5 Smithsonian Exhibits to Check out This Summer

The Smithsonian Institution was established in 1846 and is currently the world’s largest museum and research complex. Consisting of 19 museums and galleries, the National Zoological Park, and nine research facilities, its mission is to shape the future by preserving our heritage, discovering new knowledge, and sharing their resources with the world.

A number of Smithsonian museums and the National Zoo are free to the public and open every day of the year except December 25. From public art pieces, street, modern, experimental or contemporary art, viewing opportunities are endless this summer.

Be sure to check out these five Smithsonian exhibits this season:

Exhibit: Energizing the Everyday: Gifts from the George Kravis II Collection
Museum: Cooper Hewitt (New York)
Price: $16 for adults

The “Energizing the Everyday” exhibit focuses on the collecting vision of George Kravis in New York’s Cooper Hewitt museum, with more than 100 pieces on display dating from the early 20th century to the present. From industrial design to furniture to tableware and textiles, the exhibit creates visual and material connections across time and geography. The exhibit is available to view through March 2017.

Exhibit: Through the African American Lens: Selections from the Permanent Collection
Museum: National Museum of African American History and Culture (Washington D.C.)
Price: Free

“Through the African American Lens” walks us into the dynamic history of Americans of African descent, showcasing the personal narratives of diverse families, organizations, and individuals throughout the Revolutionary era to the present. The exhibit highlights the monumental milestones that mark African American history and celebrates the achievements and contributions of individuals in the community that helped shape the United States.

Exhibit: Apollo to the Moon
Museum: National Air and Space Museum (Washington D.C.)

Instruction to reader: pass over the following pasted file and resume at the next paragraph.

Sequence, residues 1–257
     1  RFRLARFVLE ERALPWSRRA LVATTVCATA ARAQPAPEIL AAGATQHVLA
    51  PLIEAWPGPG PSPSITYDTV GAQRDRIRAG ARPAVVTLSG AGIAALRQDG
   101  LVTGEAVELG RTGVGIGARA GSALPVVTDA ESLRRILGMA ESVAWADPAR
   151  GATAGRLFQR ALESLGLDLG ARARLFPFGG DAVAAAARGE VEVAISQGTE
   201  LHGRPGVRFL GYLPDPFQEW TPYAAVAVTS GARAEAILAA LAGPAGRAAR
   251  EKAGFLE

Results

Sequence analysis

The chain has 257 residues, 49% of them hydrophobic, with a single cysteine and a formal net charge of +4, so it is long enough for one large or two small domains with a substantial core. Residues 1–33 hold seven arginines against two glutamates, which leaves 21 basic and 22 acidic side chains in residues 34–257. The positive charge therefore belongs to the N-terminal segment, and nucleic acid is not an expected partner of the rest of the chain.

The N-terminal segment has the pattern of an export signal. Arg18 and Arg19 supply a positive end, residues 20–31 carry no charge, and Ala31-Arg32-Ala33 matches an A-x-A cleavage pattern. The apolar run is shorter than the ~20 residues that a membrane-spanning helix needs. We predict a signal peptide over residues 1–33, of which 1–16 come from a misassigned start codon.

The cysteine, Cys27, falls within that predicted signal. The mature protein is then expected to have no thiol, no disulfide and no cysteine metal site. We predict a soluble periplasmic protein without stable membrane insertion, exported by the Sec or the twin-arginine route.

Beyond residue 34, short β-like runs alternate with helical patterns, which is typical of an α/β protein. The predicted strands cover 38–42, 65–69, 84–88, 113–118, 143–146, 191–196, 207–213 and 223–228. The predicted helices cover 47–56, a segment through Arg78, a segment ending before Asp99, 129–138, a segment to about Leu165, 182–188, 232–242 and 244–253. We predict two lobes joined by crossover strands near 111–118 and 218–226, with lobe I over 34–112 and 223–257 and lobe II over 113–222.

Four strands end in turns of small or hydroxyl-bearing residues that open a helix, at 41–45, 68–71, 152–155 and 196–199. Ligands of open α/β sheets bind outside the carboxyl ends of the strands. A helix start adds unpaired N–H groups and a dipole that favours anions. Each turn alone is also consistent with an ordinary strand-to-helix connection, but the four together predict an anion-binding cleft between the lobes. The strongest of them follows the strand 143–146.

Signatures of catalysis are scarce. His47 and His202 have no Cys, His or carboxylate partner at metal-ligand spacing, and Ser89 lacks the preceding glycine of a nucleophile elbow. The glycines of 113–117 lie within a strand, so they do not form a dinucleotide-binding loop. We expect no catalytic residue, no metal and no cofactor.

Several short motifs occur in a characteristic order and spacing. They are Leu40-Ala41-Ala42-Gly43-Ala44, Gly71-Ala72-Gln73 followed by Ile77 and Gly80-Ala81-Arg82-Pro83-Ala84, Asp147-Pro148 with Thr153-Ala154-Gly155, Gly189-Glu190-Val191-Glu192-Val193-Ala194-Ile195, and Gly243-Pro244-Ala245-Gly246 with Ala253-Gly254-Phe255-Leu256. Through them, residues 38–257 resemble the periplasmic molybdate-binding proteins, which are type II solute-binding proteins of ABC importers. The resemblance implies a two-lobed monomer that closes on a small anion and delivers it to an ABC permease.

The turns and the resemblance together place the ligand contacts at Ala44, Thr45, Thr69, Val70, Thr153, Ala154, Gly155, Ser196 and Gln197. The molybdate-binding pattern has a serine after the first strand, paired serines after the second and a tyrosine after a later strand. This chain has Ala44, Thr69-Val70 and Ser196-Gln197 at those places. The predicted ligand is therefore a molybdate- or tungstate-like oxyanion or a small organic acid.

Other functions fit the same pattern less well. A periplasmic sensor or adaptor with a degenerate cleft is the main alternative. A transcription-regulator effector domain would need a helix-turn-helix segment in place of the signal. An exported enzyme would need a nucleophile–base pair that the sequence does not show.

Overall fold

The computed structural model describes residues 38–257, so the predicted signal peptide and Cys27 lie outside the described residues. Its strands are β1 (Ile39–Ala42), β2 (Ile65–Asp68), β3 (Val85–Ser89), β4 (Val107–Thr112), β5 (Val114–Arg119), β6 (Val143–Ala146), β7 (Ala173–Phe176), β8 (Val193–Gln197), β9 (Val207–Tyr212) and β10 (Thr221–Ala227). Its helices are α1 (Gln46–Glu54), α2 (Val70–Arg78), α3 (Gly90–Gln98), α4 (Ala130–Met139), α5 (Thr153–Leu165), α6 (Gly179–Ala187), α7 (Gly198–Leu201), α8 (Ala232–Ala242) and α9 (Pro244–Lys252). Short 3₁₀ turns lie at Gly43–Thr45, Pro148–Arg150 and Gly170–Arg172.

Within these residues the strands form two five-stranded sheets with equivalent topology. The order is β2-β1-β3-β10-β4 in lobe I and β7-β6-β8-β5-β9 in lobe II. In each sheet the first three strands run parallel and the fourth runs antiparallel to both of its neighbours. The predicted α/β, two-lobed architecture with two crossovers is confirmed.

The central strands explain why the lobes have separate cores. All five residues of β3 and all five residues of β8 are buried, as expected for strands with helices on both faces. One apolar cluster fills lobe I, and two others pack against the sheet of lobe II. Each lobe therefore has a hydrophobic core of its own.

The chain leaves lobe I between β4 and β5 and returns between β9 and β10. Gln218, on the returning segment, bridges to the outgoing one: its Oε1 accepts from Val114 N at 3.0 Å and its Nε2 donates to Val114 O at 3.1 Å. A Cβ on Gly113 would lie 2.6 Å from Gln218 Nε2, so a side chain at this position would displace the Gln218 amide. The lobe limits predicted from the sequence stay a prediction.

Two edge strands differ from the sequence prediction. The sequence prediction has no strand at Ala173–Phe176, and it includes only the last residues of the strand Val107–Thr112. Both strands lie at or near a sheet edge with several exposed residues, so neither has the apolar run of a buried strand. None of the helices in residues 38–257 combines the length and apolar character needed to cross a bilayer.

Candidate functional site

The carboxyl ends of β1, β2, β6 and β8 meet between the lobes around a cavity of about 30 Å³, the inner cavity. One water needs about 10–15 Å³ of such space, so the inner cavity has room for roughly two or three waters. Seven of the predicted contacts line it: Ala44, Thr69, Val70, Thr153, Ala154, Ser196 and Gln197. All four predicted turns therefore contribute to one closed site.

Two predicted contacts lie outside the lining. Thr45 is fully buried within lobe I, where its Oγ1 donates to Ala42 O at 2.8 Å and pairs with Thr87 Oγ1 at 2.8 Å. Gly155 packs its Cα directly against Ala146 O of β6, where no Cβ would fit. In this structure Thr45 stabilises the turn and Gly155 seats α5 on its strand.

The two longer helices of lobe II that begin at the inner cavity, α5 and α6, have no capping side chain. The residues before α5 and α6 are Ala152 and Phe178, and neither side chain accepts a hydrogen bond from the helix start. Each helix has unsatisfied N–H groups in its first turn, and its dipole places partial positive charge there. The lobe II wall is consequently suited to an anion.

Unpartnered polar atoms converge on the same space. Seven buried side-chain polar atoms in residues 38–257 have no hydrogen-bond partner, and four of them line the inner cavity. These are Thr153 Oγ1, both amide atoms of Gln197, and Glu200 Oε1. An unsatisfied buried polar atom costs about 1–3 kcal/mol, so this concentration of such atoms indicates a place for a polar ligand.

Price: Free

The Apollo program was designed to launch humans to the Moon and bring them safely back to earth. By the time the program ended, it had taken the efforts of more than half a million people, producing the most powerful and largest rockets ever built.  “Apollo to the Moon” features a display of artifacts from Apollo (and earlier missions), including the F-1 rocket engine, spacesuits worn by the astronauts, a space flight time line, and more.

Exhibit: E Mau Ke Ea: The Sovereign Hawaiian Nation
Museum: National Museum of the American Indian (Washington D.C.)
Price:  Free

Did you know that Hawaii was an independent kingdom until 1983, when non-Native businessmen conquered the monarchy and announced themselves the new government?  “E Mau Ke Ea: The Sovereign Hawaiian Nation” walks us through the history of the Hawaiian nation, from the alliance of the islands in 1810 to the rise of the Hawaiian rights movement in the late 1960s.  Visitors of the exhibit will leave with a richer understanding of the Kingdom of Hawaii, embracing western innovations and Polynesian identity.

Exhibit: WONDER
Museum: Renwick Gallery (Washington D.C.)
Price: Free

The Renwick Gallery opened its doors on November 2015 after a major two-year renovation. To celebrate, they transformed the museum into WONDER, their debut exhibit. Nine contemporary artists – Gabriel Dawe, Jennifer Angus, Chakaia Booker, Patrick Dougherty, Tara Donovan, John Grade, Janet Echelman, Maya Lin, and Leo Villareal – each managed different galleries in the building, creating installations inspired by the Renwick. These installations turned the building into a larger-than-life piece of art. Do you wonder what they created? The second-floor galleries closed on May 8, 2016; however, you have until July 10, 2016 to view the first-floor galleries.

, , , , , ,

Comments are closed.
%d bloggers like this: